Then Quebec premier Robert Bourassa requested military assistance and over 2,000 Quebec-based military personnel moved into the area.

They pushed the authorities barricade from 1.5 km from the Mohawk barricade, up to within metres. Eventually they pushed through all Mohawk barriers and surrounded the last holdout on Mohawk land.

Although there were several very tense moments and some scuffles during the weeks and months of standoff, no further gunfire was exchanged after the initial battle.

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The most famous photo of the crisis, a Saskatchewan native, Brad Larocque, and Pte Patrick Cloutier. (the *warrior* is often mis-identified as Ronald *Lasagna* Cross, who later was charged and spent time in jail for his part in the crisis. Shaney Komulainen/Canadian Press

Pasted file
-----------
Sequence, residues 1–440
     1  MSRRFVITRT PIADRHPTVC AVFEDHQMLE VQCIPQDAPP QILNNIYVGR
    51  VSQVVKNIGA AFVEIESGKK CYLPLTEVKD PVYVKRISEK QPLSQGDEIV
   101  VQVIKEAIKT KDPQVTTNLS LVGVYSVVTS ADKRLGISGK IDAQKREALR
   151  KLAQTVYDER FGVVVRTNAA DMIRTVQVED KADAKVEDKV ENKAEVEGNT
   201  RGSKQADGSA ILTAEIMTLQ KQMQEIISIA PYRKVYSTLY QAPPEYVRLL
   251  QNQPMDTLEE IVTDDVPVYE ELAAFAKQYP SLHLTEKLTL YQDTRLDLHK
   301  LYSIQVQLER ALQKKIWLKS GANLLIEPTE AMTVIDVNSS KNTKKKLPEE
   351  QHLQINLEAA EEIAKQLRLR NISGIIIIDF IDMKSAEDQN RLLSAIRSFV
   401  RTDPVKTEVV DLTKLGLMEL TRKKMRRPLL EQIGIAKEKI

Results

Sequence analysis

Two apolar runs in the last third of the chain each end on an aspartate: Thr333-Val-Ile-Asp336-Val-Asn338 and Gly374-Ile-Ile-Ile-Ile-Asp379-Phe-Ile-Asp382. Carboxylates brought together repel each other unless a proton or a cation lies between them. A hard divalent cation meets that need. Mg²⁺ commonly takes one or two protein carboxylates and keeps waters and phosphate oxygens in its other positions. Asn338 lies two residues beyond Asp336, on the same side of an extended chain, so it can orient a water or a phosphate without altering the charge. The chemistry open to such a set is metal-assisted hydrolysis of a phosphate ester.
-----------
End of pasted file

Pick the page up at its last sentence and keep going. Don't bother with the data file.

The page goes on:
On August 29, negotiations between the army and the Mohawk on the Mercier bridge ended that blockade and thereby ending a major bargaining chip in negotiations at Oka for the group occupying “the Pines” at Oka..

On September 26, after a very tense summer standoff , the last of the Mohawk “warriors”  surrendered, apparently burning some of their weapons.

The police took 26 men, and 22 women and children into custody.

In the following years, the federal government spent millions of dollars to buy land from non-natives to give a contiguous area to the Mohawk and years later bought another parcel of land so the Mohawk could expand their cemetery.